According to health surveys, between 20-50% of older adults in Europe and the USA report difficulties with activities of daily living (Heikkinen, 2008; Manton and Gu, 2001). One of the factors that contribute to this loss of functional capacity and mobility in older age is the progressive decline of skeletal muscle mass with increasing age (English and Paddon-Jones, 2010; Forbes and Reina, 1970). The presence of both low muscle mass and muscle strength is described by the syndrome of sarcopenia (Abellan van Kan et al., 2012; Cruz-Jentoft et al., 2010). The consequences of sarcopenia are often severe and can result in decreased postural control (Wolfson et al., 1995), increased incidence of falls (Moreland et al., 2004) and deficits in quality of life (Tsekoura et al., 2017) in older adults. Furthermore, the progressive loss of muscle mass during the aging process is accompanied by an increase in cardiometabolic risk factors leading to a higher incidence of type 2 diabetes or atherothrombotic diseases (Sayer et al., 2013). To maximize the period of effective functioning in older age, Cruz-Jentoft and Landi (2014) recommend comprehensive multidimensional approaches combining nutrition and physical exercise as main components of sarcopenia interventions. Concomitantly, common exercise guidelines aiming to increase muscle cross-sectional area (CSA) recommend using moderate to high training loads of 70-85% of individuals' one-repetition maximum (1RM) (ACSM, 2009). However, in a clinical setting and especially for older people with comorbidities, training with such heavy loads is often contraindicated or impossible (Gheno et al., 2012), due to comorbidities such as coronary heart diseases or joint and muscle impairments. Findings from previous studies have indicated that low-intensity resistance exercise in combination with blood flow restriction (BFR) promotes muscle mass increases similar to what is seen after high-load training with 80% 1RM (Vechin et al., 2015). Fry et al. (2010) have demonstrated that BFR training enhances protein synthesis by phosphorylating the mammalian target of rapamycin (mTOR) and its downstream effectors p70 ribosomal S6 kinase (S6K1) in older men. S6K1 has repeatedly been shown to regulate mRNA translation initiation and to be involved in training-induced hypertrophy (Baar and Esser, 1999). In parallel, evidence suggests that ingesting dietary protein additionally enhances the effects of prolonged resistance training on muscle mass and strength in younger and older people (Cermak et al., 2012). By activating the mTOR signaling pathway and thus protein synthesis, it is believed that branched chain amino acids (BCAAs) or di- and tripeptides such as hydroxyprolyl-glycine (Hyp-Gly) stimulate muscular hypertrophy (Cermak et al., 2012; Kitakaze et al., 2016). Previous studies showed that considerable amounts of Hyp-Gly have been found in human blood after the intake of collagen hydrolysate (CH) (Shigemura et al., 2011). Recent investigations in this field have also demonstrated that the daily ingestion of 15 g collagen peptides (CP) is an effective strategy for improving fat free mass and strength following high-load resistance training in older men (Zdzieblik et al., 2015).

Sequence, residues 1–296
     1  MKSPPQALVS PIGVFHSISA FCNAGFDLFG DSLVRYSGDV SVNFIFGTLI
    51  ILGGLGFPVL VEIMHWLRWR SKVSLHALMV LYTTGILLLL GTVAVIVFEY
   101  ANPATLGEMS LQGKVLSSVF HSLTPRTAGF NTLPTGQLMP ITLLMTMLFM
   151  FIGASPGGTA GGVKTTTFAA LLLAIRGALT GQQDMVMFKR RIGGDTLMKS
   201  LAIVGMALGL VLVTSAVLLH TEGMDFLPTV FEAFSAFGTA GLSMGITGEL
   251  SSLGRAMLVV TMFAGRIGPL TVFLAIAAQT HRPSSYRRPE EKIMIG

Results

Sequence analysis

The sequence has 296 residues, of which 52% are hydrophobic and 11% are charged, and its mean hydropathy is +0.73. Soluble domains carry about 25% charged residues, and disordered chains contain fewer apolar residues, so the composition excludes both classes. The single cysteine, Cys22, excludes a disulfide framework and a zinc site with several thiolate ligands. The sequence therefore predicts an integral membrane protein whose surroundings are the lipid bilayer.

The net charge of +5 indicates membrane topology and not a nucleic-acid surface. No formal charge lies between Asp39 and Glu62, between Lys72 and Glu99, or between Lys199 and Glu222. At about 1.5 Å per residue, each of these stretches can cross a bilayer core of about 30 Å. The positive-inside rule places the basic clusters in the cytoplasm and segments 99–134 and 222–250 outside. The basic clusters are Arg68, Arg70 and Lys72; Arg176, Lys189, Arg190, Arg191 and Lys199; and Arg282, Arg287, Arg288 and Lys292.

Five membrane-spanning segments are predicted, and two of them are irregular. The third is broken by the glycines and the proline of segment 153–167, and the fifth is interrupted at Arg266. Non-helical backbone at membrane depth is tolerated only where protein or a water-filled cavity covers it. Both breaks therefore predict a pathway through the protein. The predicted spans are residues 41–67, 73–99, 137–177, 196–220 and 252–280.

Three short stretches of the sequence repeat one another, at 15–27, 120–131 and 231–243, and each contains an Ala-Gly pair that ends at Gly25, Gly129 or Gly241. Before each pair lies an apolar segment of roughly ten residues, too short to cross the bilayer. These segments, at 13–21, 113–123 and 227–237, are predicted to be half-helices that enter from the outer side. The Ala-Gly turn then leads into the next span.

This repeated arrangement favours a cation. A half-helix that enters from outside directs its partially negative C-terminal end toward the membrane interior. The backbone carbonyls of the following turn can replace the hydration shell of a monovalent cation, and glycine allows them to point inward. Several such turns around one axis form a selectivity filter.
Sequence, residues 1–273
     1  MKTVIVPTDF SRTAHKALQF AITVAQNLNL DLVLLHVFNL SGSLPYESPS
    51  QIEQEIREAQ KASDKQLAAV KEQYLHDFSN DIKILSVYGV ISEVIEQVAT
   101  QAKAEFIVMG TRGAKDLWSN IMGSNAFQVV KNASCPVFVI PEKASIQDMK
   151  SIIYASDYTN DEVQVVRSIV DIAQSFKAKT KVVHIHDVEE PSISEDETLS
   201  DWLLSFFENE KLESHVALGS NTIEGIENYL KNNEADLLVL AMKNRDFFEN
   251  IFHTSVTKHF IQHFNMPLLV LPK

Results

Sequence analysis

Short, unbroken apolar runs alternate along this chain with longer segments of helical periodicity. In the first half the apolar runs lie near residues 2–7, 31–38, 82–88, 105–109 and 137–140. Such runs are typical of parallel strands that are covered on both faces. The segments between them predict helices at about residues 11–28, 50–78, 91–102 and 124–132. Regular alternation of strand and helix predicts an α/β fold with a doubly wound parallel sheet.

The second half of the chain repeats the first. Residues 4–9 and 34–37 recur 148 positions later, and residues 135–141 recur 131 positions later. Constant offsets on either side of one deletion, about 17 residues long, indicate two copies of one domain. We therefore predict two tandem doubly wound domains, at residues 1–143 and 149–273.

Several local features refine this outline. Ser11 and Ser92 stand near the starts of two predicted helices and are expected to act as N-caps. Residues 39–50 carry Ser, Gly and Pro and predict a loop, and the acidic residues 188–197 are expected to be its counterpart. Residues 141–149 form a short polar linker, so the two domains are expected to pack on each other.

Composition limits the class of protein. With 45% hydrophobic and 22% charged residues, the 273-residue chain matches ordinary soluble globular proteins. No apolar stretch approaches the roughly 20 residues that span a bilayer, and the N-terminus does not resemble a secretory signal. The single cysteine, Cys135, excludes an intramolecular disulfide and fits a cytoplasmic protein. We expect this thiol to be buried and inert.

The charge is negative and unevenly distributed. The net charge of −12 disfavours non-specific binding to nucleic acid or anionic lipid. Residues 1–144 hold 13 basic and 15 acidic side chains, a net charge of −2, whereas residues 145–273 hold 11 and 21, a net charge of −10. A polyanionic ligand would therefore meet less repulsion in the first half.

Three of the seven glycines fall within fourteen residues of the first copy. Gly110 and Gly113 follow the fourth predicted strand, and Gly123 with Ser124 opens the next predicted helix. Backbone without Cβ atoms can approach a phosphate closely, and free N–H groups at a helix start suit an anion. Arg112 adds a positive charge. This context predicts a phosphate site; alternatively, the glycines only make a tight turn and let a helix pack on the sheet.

Therefore, the purpose of this study was to examine the influence of BFR training with collagen hydrolysate supplementation on muscle mass and function in older men at risk of sarcopenia. We hypothesized that this training method is a promising alternative in order to counteract the age-related decline in muscle mass and is therefore beneficial for populations who are not capable of lifting near-maximum loads. Additionally, reactive oxygen species (ROS) and insulin-like growth factor-1 (IGF-1) were measured, since both play crucial roles in muscular remodeling and promote cellular adaptations (Powers et al., 2010). As a second aim, we wanted to determine whether a collagen hydrolysate supplementation enhances the effects of this training modality.